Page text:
M&M Enterprises

When I was a young man, I read (as every young person should) Joseph Heller’s “Catch-22,” a novel about the absurd bureaucracy of war and the misery it wreaks on those caught within it.

The most absurd character in the book is Milo Minderbinder, who – at least initially – runs the mess hall. A true entrepreneur, Milo steals supplies from the army and sells them on the black market. He justifies this by telling the servicemen he’s cheating that they will all benefit from his larceny. He issues “shares” in M&M Enterprises. The Ms stand for Milo and Minderbinder, but he put an ampersand between them to “demonstrate” that the company will benefit all. “What’s good for M&M Enterprises is good for the country,” he tells the airmen who complain that he’s ripping them off and endangering their lives by selling the safety equipment from their planes. (Does any of this sound familiar?)

By the end of the book, Milo has misappropriated an entire squadron of planes and is bombing his own airbase, having signed a contract with the Germans to do so. It’s absurd, right? Mr. Heller, like many novelists, uses exaggeration to allow readers to see our own society in a new light.

If only. I looked at the news Tuesday afternoon to see ABC reporting that the Justice Department now admits American military personnel tortured prisoners at Guantanamo Bay on behalf of the Chinese government. Milo immediately came to mind. “We’re doing this on a contract with the Germans!” I heard him say.

Joseph Heller’s irony is now our reality. The people we tortured at Guantanamo for the Chinese are Uighurs. Uighurs are an ethnic minority from western China who practice Islam. U.S. military personnel kept the Uighur prisoners awake, unfed and subjected to low temperatures for hours prior to the arrival of Chinese interrogators. The idea was to “soften them up” and make them more likely to tell the Chinese what they wanted to know (or at least what they wanted to hear).

It’s come to this. In the hectic days after Sept. 11th, John Yoo and other Bush administration functionaries cranked out memos justifying torture on the grounds that America was under threat of imminent, devastating terrorist attack. Two and half years later, we were treated to scores of photos from Abu Ghraib of soldiers torturing prisoners as they “softened them up” for military and CIA interrogators. A few enlisted were held accountable, even though authorization for such tactics went all the way to the Oval Office, via then-Secretary of Defense Donald Rumsfeld. Now we learn America is the outsource for Chinese torture and no even seems to blink.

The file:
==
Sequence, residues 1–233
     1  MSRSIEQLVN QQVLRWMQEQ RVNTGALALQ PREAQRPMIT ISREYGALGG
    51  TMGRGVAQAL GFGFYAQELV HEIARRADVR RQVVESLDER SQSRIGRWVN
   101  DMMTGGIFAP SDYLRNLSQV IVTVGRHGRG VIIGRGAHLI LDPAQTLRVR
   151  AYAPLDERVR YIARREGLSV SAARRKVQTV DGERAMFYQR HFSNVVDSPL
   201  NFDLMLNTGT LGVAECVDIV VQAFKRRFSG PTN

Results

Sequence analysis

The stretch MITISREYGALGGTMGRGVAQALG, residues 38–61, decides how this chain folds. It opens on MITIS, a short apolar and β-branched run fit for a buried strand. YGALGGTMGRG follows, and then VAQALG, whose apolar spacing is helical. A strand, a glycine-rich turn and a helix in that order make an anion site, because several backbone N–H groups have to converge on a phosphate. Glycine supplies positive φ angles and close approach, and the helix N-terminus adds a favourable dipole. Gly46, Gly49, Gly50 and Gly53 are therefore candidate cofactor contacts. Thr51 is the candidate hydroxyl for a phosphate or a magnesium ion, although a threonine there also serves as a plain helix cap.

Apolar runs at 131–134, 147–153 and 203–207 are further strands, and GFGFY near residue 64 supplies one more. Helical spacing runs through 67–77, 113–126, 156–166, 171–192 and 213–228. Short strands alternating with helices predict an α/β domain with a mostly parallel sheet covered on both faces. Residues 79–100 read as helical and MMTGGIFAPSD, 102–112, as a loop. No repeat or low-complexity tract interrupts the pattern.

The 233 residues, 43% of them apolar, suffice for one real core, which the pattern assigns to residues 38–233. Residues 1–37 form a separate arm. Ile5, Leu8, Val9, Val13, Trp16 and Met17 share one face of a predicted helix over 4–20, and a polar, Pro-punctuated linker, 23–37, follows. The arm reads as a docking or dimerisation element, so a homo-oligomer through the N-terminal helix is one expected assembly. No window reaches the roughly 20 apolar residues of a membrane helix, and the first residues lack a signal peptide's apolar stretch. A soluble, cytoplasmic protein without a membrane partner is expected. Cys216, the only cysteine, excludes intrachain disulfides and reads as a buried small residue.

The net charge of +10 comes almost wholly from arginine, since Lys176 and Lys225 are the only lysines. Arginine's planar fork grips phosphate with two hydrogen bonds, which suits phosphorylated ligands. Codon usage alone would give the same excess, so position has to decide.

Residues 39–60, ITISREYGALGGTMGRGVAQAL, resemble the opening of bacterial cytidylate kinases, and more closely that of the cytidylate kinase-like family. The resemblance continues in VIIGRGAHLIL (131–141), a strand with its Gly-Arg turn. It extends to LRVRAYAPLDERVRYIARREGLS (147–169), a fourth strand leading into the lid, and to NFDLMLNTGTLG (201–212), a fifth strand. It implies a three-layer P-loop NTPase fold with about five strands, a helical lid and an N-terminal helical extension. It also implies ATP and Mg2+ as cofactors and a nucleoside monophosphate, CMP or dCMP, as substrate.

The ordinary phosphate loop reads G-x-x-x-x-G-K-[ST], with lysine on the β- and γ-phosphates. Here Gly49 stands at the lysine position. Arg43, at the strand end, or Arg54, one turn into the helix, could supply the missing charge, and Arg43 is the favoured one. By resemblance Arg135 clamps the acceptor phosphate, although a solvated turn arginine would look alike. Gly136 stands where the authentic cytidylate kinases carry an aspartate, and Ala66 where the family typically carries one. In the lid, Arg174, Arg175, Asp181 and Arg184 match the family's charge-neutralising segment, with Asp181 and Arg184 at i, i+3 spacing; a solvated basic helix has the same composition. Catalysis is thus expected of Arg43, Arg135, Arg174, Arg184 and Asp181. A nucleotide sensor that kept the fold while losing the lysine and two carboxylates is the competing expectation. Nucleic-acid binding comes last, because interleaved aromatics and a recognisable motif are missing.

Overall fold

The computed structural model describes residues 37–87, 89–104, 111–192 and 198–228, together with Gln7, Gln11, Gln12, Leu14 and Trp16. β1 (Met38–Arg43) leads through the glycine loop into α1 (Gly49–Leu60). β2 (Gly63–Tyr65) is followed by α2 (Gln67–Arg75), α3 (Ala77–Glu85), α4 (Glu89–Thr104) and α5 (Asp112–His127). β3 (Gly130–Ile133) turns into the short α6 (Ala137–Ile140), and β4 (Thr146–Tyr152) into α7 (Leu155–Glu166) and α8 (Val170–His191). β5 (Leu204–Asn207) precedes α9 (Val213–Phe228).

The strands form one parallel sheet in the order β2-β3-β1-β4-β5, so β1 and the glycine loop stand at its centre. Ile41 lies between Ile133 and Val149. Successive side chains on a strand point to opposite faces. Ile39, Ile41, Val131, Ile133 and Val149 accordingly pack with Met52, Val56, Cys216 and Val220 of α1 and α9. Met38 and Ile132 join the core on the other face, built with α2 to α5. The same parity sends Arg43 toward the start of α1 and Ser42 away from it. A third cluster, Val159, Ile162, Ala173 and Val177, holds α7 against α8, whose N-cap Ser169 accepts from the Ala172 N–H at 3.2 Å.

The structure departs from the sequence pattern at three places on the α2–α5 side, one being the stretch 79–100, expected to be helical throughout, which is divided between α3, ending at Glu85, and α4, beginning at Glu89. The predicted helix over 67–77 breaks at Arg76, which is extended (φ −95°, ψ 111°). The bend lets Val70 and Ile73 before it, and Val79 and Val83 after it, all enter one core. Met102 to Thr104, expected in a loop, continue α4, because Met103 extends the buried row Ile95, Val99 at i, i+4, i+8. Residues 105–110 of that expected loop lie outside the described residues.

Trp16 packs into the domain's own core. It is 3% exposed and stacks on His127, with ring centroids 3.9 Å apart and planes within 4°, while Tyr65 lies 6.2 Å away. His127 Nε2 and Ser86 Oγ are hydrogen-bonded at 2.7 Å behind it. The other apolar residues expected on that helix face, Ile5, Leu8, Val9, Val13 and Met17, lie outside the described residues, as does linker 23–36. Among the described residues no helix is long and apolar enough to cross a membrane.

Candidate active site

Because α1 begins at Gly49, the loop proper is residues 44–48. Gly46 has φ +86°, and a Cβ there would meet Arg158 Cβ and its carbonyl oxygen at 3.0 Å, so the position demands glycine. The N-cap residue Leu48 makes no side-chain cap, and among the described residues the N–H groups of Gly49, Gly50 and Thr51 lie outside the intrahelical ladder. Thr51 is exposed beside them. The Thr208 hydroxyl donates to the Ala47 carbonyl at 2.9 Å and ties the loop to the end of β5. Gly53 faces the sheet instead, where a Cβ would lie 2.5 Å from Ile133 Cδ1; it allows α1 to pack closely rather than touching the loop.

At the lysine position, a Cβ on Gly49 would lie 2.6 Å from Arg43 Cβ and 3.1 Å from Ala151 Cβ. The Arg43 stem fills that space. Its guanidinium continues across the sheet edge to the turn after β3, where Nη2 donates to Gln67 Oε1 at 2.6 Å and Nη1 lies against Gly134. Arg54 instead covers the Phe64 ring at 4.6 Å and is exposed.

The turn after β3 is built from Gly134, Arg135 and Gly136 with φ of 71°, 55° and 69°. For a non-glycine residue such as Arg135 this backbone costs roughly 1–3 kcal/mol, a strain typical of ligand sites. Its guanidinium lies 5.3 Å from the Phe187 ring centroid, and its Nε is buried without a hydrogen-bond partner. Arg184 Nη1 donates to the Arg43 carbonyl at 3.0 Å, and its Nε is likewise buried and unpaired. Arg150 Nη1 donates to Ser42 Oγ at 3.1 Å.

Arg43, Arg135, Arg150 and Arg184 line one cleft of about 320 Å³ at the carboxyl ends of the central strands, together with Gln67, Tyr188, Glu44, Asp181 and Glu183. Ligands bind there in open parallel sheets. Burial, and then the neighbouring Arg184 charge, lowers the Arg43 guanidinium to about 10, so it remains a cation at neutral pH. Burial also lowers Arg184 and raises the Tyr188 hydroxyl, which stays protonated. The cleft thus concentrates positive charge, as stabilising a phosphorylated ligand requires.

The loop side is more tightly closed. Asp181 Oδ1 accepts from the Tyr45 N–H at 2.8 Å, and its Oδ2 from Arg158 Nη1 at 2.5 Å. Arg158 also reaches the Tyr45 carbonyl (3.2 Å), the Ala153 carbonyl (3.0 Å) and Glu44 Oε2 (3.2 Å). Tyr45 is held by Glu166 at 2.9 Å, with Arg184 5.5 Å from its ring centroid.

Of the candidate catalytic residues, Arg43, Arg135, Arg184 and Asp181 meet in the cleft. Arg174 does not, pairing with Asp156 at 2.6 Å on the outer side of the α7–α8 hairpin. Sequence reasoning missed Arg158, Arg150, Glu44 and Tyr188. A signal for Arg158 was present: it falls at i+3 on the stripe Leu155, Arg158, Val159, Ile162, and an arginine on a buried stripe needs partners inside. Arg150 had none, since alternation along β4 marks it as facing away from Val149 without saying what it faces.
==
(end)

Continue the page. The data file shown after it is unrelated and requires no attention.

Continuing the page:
The other voice in my head, sounding quite at home next to Milo Minderbinder’s, belongs to George W. Bush. “They hate us for our freedom,” he said repeatedly in the months after September 11th. What kind of freedom, Mr. Bush? Religious freedom? The Uighurs of western China just want to be left alone, like the Tibetans, another ethnic minority whose homeland has been occupied by the Chinese, who disapprove of their Buddhist religion.

I thought the “global war on terror” was supposed to bring the values of western democracy to the world. Seven years on, our own civil liberties have withered away, Iraq and Afghanistan are ruined nations, the terrorists are stronger than ever and our government acts more like them every day.

China holds over a trillion dollars in U.S. currency, thanks to our enormous trade deficit, so when they come asking for a wee bit of torture, it’s awfully hard to say no. America, which in very recent memory was a beacon of liberty for the world, is now torturing people who seek religious freedom at the behest of the Communist government of China. We turn our heads away as Tibetans protest the half-century of Chinese occupation and repression because, hey, we want our Olympics. The tee vee rights and the marketing tie-ins are worth billions.

Welcome to the 21st century and to hell with the notion that all people are created equal, that they are endowed by their creator with certain unalienable rights, that among these are life, liberty and the pursuit of happiness. What’s good for G&W&B Enterprises is good for the country.

© Mark Floegel, 2008

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